If this issue is raised in the Republican primaries in 2016, I’d expect that most politicians on that stage will declare themselves firmly in favor of “enhanced interrogation techniques.” We may not torture now, but because torture has become a recognized policy choice, it is perfectly conceivable that our political masters, depending on who they are, might well decide to do so in the future. This is where we find ourselves, a dozen years after Abu Zubaydah first was strapped down to that waterboard.

Read all the recent Dish on torture here.

atheists-torture

Many atheists are surely passing around this post. One writes:

Dear Andrew (welcome back!), Chris et al: What jumped out at me in the chart accompanying your post is that the ONLY group of Americans in which a majority do not consider US torture justified is people with no religion. Hmmm. I thought that there was no morality without religion?

American religion is in pretty bad shape – or its leaders are terrible communicators, or it’s been totally hijacked by the RWNJ media – when Godless atheists exhibit more traditional morality than either Protestants or Catholics.  That 40% of atheists approve of torture is appalling to this atheist, but I’ll take it over the huge majorities of “believers.”

Another non-believer sends the above graphic. Another piles on:

I’m proud of my group (non-religious people)’s views on torture being the most enlightened. It’s a big reason why I ran from Christianity.

I wholeheartedly agree that most American Christians are not Christians in the slightest. It’s another reason I despise most American Christians – they claim to be inherently better than everyone else, especially Atheists and Agnostics – yet are obviously not. They support our modern Rome blindly; they put money ahead of everything; they support torture; they support persecution of minorities; they believe that supporting war is Christian; they don’t know their holy texts as well as Atheists and Agnostics do; etc.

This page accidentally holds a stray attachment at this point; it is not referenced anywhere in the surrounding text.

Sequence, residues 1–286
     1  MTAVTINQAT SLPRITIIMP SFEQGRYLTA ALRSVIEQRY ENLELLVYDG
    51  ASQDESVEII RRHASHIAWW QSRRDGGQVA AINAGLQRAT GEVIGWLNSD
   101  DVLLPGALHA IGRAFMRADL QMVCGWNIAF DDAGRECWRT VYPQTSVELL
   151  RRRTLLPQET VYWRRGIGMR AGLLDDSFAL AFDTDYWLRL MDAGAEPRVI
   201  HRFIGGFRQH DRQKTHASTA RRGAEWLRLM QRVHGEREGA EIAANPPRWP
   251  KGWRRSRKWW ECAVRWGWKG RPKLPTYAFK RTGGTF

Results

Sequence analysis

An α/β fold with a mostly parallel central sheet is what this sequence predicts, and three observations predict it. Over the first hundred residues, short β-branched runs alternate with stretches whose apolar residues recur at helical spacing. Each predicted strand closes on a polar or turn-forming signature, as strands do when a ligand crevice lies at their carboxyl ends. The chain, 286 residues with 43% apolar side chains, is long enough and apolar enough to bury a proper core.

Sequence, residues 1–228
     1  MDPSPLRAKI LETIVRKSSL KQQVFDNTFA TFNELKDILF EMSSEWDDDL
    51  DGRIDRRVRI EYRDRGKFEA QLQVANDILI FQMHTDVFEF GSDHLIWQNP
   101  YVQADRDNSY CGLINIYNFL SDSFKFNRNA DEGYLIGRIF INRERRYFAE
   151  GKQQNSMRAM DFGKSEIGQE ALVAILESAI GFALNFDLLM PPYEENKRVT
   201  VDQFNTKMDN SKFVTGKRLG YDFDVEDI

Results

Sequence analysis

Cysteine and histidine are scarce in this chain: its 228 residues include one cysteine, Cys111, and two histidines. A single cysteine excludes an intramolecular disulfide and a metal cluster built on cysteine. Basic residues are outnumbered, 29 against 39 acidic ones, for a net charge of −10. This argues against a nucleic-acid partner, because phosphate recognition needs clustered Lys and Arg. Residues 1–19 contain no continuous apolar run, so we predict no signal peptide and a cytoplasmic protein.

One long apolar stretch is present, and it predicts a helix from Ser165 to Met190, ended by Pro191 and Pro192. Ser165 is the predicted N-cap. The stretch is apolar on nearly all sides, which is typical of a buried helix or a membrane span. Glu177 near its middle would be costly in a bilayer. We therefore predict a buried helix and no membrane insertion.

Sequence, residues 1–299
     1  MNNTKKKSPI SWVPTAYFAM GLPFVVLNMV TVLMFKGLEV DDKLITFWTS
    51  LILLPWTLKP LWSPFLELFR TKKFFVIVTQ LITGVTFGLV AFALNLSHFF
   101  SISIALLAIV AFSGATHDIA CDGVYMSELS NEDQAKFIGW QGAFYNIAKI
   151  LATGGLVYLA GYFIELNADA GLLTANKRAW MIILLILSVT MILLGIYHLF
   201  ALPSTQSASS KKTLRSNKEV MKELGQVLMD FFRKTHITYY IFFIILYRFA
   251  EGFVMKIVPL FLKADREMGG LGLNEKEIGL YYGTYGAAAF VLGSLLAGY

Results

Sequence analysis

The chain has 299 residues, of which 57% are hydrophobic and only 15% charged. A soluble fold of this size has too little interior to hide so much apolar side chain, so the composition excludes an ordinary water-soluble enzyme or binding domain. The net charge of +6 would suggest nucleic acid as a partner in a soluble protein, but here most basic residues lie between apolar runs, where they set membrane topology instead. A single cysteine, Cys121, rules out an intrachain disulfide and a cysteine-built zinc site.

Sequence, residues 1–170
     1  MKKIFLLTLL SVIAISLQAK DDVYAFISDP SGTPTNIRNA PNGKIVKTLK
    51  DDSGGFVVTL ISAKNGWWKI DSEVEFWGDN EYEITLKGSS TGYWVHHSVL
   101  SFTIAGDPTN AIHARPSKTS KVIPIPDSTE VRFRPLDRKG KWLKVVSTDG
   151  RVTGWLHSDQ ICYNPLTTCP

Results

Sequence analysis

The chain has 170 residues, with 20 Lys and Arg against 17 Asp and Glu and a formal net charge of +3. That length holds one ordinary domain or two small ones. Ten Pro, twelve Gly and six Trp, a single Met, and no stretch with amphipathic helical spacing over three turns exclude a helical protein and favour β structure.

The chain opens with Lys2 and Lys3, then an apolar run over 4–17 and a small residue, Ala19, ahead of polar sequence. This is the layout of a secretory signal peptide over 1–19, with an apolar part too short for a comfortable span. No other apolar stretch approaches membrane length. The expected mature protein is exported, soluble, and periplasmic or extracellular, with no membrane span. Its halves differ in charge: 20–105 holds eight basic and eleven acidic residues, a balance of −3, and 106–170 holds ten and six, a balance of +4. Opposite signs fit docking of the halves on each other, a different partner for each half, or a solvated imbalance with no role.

Another is more nuanced:

Can we finally put an end to the notion that humans need God or religion in order to be moral? There is perhaps no act more morally corrupt than torture, but we find that the only religious group to disapprove of torture was: the non-religious. Protestants and Catholics considered torture justified by a margin of more than three to one. If the numbers were reversed, we would hear no end that this proves that without religion, you can’t have a true moral compass.

I won’t make the opposite claim – that religion is morally corrupting – because I think the actual relationship between religiosity and morality is essentially nil.

I appreciate your writing in part because you are unapologetically devout and at the same time profoundly respectful of non-believers. I would like to see more atheists extend the same respect toward the believers. Yet I still get the sense at times that you and other believers can’t quite grasp how an atheist‘s morality can be quite as good as yours. And so you resort to writing, “the staggering levels of support for torture by Christians merely reveals that very few of them are Christians at all.” Poppycock. They are Christians who have given in to fear and/or rage – something to which all of us, whether Christian, Hindu, Muslim or atheist are vulnerable.

So I repeat: Enough of the notion that without God or religion we can’t be truly moral. Letting go of that belief will take us another step toward truly religiously tolerant society where men and women are judged by their actions, not by their religious garb.

Another reader:

I sent your recent post on torture to my dad, who is a professor at a theological seminary in the U.S. My dad and I don’t usually see eye-to-eye on political or religious issues (me being a socialist atheist, him being a conservative evangelical), but our beliefs converge when it comes to torture. He responded to my e-mail with the following:

Thanks for this. I’m going to print off a copy and include a new topic on “torture” in my Old Testament Biblical Theology class notes on “Torah and Ethics.” It will also fit under my lectures on “image of God,” which are in two classes.

Last but not least, a dissent from a theology professor:

The US Catholic bishops have made plenty of mistakes, but overlooking torture is not one of them, as you claim in your post.  They did “stand up and be counted” on this issue, starting in 2005 right up to the present. Here‘s the resource page. And here is the 2008 study guide “Torture is a Moral Issue”.